As someone who writes pages and pages every year about the arts, there is one topic I will not tackle: music. That may sound surprising coming from someone who grew up in a family of musicians, played flute professionally for decades, and attends scores of musical events annually. I can write about musical organizations and musicians, but describing music itself or musical performances is beyond me. So I was delighted to read Jonathan Biss’ recent piece in which this superb young pianist describes the problem: “…the only thing worth doing is also nearly impossible: to convey something of what the emotional experience of listening is like.”
Describing music and musical performance is deceptively difficult. Unlike writing about theatre or art, where the writer can include plot summaries or reproductions of images, music is abstract and elusive. Writers resorting to historical facts about composers rarely give us a sense of the music. Writing that is so technical that the reader needs a companion score and dictionary to decipher it is even worse. Then there is the “oh my, isn’t it wonderful” school, who feel that classical music is beyond emotional or intellectual explication.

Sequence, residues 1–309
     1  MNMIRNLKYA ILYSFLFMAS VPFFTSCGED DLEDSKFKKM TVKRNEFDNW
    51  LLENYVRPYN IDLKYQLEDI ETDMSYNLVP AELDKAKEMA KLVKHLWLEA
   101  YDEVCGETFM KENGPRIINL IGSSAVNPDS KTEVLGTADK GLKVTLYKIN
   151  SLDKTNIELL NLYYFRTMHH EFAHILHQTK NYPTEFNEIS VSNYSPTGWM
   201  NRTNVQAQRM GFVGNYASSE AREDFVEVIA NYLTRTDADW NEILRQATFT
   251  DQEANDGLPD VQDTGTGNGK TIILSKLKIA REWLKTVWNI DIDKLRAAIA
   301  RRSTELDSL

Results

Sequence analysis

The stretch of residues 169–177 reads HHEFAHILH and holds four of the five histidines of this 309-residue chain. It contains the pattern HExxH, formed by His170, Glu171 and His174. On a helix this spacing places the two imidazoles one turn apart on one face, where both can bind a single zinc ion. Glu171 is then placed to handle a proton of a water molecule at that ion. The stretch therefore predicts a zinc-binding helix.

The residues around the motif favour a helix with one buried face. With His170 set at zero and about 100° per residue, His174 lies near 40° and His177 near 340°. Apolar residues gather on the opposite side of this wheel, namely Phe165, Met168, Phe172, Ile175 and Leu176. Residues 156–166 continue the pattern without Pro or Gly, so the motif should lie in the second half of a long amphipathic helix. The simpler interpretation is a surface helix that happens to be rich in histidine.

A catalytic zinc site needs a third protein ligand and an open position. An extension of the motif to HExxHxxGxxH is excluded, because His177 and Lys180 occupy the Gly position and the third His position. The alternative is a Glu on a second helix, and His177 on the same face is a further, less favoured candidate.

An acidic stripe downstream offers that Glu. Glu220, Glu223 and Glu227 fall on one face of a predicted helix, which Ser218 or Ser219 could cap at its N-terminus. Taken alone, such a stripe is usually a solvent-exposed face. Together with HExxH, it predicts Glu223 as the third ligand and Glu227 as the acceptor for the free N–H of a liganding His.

But recently I read a piece in the New Yorker by Jeremy Denk, another great pianist. (“Flight of the Concord“; 2/6/12). Here at last is a writer capturing the essence and experience of music. It made me want to go right out and buy his recording of Ives’ Concord Sonata, a piece I have never really warmed to. Now I am a double convert – to Denk and Ives – which is what good writing should be able to do.
Apparently, I was not the only one impressed by Biss and Denk. So was Anne Midgette, a well known music critic who had the good sense to acknowledge how much some performers have to offer in writing about their art form. -Tom